Hedge funds cut their net-long position, or the difference between bets on a price increase and wagers on a decline, by 5.4 percent in the week ended Feb. 7, US Commodity Futures Trading Commission data show. WTI slipped 1.2 percent to $52.17 a barrel in the report week, and closed at $53.86 on Feb. 10. It was trading at $53.80 a barrel, down 6 cents, on Monday at 1:04 p.m in Hong Kong.
Money managers’ net-long position in WTI decreased by 20,540 futures and options to 359,387. Longs fell 1.8 percent, while shorts climbed 26 percent, the biggest gain in three months.

“The shorts increased, which shows that there are investors willing to bet that the OPEC production cuts are fully priced into the market and that the oil bulls are vulnerable to bearish news,” Tim Evans, an energy analyst at Citi Futures Perspective in New York, said by telephone. As they boost output, US oil producers are hedging their price risk for this year and 2018. Producers’ short positions, protecting against a drop in prices, increased to 707,498 futures and options, the most since August 2007, according to the CFTC.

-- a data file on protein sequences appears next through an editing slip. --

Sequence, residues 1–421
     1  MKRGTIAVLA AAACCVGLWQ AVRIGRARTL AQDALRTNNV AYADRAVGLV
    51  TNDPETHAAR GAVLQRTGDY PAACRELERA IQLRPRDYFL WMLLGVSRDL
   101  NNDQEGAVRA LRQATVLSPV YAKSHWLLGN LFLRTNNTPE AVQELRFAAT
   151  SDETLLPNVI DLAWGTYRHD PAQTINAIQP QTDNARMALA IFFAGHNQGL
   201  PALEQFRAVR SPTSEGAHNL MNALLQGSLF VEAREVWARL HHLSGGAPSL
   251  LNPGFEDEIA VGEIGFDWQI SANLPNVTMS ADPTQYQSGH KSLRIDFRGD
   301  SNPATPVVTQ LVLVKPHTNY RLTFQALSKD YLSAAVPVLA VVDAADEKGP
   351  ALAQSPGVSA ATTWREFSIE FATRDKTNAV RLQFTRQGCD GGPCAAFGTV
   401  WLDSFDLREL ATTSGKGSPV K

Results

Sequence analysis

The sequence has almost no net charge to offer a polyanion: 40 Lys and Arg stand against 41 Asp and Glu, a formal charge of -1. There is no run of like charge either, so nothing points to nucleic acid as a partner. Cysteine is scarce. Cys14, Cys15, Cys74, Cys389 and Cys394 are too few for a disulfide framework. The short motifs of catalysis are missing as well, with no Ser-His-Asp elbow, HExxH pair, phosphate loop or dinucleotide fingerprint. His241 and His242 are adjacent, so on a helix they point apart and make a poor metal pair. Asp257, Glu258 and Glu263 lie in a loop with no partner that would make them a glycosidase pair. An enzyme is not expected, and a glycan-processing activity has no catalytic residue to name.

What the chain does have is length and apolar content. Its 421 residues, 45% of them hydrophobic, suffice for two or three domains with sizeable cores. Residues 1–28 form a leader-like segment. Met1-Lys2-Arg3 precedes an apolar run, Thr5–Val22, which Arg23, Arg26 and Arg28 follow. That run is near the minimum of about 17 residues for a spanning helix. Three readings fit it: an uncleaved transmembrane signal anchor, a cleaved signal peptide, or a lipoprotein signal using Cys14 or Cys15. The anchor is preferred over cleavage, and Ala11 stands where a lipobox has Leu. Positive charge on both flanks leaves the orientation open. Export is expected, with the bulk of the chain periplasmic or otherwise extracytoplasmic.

Pioneer Natural Resources Co. plans to continue being a “heavy hedger,” Chief Operating Officer Tim Dove said last week. The company raised its drilling budget more than expected and is expanding its fleet of rigs in the Permian Basin. Pioneer’s hedges provide upside to about $62 a barrel, Dove said.
OPEC implemented 90 percent of promised output cuts in January, the first month of its agreement, according to the IEA. Eleven non-OPEC members who joined the agreement have made about half their pledged reductions, the agency said. “I think that we will be looking at the reverse of this report in a week,” Michael Lynch, president of Strategic Energy & Economic Research in Winchester, Massachusetts, said by telephone. “The IEA report on compliance has dispelled doubts about OPEC’s adherence.”
Oil fell in New York, snapping a three-day gain on signs that OPEC’s production cuts will stimulate a recovery in US crude production.